Learning Theories and My Individual Learning Methods

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February 15, 2012 by idinnovation

Learning about different theories and learning styles has increased my understanding about why I utilize the various theories depending on the type of project I am working on learning. I definitely think during my secondary education I utilized behavioral learning since it is focused around understanding and changing a learner’s behavior. As I move forward in my educational development I have began to utilize many of the various learning theories.

 Theorists of behaviorism note that in order for behavior learning to be effective, it must be observable and measurable.  “Behaviorism equates learning with changes in either form or frequency of observable performance. Learning is accomplished when a proper response is demonstrated following the presentation of a specific environmental stimulus.” (Ertmer & Newby, 1993) “In assuming that human behavior is learned, behaviorists also hold that all behaviors can also be unlearned, and replaced by new behaviors; that is, when a behavior becomes unacceptable, it can be replaced by an acceptable one. A key element to this theory of learning is the rewarded response. The desired response must be rewarded in order for learning to take place.” (Standridge, 2001)

Conversely “Because of the emphasis on mental structures, cognitive theories are usually considered more appropriate for explaining complex forms of learning (reasoning, problem-solving, and information-processing) than are those of a more behavioral perspective (Ertmer & Newby, 1993).

I identify a lot with constructivist learning. The base of the constructivist philosophy is that the learner constructs his/her own knowledge based on personal experience. “Constructivism is not a theory but rather an epistemology, or philosophical explanation about the nature of learning (Simpson, 2002).” (Ormrod, Schunk, & Gredler, p. 184)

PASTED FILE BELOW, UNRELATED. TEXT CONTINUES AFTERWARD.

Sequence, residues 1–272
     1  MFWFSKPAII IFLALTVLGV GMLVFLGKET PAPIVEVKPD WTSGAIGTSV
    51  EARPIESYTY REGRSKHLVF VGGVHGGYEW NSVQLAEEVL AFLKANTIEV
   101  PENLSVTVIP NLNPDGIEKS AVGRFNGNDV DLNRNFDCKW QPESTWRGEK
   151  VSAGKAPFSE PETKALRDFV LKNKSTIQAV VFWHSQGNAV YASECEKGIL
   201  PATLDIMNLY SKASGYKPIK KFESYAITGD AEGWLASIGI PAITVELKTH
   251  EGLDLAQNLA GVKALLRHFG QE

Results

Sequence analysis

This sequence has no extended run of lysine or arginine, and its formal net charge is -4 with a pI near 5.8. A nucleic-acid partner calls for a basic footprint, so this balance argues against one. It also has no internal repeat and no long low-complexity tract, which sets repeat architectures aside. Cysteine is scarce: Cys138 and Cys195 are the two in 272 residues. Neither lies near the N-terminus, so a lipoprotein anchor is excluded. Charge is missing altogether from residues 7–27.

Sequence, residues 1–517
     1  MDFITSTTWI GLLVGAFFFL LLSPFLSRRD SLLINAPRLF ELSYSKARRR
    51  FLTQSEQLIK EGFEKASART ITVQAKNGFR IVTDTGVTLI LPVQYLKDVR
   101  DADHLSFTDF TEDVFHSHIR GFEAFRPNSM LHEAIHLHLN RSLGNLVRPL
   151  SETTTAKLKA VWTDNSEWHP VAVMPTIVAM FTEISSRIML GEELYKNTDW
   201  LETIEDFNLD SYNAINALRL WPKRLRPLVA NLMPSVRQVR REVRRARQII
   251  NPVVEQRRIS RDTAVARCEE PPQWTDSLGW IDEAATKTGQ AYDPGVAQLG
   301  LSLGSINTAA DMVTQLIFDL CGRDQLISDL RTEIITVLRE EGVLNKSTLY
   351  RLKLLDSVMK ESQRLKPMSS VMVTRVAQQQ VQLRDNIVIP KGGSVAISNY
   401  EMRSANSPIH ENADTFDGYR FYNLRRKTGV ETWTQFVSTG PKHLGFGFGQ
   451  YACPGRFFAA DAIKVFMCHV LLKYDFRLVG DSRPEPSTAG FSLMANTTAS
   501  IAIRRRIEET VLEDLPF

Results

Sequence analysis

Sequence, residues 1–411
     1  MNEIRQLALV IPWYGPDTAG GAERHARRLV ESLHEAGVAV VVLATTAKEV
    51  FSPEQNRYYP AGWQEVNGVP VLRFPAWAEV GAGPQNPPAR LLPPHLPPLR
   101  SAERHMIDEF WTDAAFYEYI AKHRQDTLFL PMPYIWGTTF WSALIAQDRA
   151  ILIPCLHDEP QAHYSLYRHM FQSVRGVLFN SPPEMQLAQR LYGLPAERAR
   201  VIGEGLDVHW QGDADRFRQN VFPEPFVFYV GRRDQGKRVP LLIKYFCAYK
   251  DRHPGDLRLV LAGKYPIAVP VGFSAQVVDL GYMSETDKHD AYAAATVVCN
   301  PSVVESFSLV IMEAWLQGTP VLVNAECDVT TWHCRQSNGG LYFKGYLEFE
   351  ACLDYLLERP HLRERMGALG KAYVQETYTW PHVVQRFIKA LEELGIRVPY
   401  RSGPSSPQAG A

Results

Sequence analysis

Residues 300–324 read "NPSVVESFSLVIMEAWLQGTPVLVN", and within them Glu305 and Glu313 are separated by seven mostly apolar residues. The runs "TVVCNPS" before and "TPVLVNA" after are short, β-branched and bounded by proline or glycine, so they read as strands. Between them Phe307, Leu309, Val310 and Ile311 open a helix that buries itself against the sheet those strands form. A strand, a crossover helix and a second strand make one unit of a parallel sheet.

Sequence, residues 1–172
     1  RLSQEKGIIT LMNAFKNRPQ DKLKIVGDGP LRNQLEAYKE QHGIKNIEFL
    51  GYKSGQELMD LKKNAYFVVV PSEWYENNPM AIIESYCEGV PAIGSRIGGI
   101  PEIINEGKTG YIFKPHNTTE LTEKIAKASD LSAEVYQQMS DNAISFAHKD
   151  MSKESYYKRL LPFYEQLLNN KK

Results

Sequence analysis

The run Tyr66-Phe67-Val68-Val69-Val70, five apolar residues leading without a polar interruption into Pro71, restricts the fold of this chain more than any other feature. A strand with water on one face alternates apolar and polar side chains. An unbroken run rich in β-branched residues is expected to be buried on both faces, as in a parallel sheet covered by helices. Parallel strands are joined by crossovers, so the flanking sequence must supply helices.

The learning theory that I favor the most however is connectivism.  In connectivism learning typically comes from a network of information that has been created, or access has been granted.  A network can be comprised of websites, blogs, books, communities or groups, classes, to name a few. The transfer occurs when the learner has made connections between what they want to learn, where to learn how to do it, and if it’s a reliable source. Self-directed learners often have successful networks for learning.

Technology greatly influences and encourages connectivist learning. The more time a learner spends in his/her network, the more potential for effective learning and growth of the network.

Learning occurs “distributed within a network, social, technologically enhanced, recognizing and interpreting patterns.” (Davis, Edmunds, & Kelly-Bateman, 2008)

“Principles of Connectivism:

• Learning and knowledge rest in diversity of opinions.

• Learning is a process of connecting specialized nodes or information sources.

• Learning may reside in non-human appliances.

• Capacity to know more is more critical than what is currently known.

• Nurturing and maintaining connections is needed to facilitate continual learning.

• Ability to see connections between fields, ideas, and concepts is a core skill.

• Currency (accurate, up-to-date knowledge) is the intent of all connectivist learning activities.”

(Davis, Edmunds, & Kelly-Bateman, 2008)

 As a graduate student my network is vast.  I maintain contact with past co-workers, employers and other students on a regular basis.  This has enabled me to share their network which expands my knowledge base.


Davis, C., Edmunds, E., & Kelly-Bateman, V. (2008). Connectivism. Emerging perspectives on learning, teaching and technology .

E., Schunk, D. H., & Gredler, M. (2009). Learning Theories and Instruction. New York: Laureate Publishing, Inc.

Ormrod, J.Ertmer, P. A., & Newby, T. J. (1993). Behaviorism, Cognitivism, Constructivism: Comparing Critical Features from an Instructional Design Perspective. Performance Improvement Quarterly , 50-72.

Standridge, M. (2001). Behaviorism. Emerging perspectives on learning, teaching and technology .

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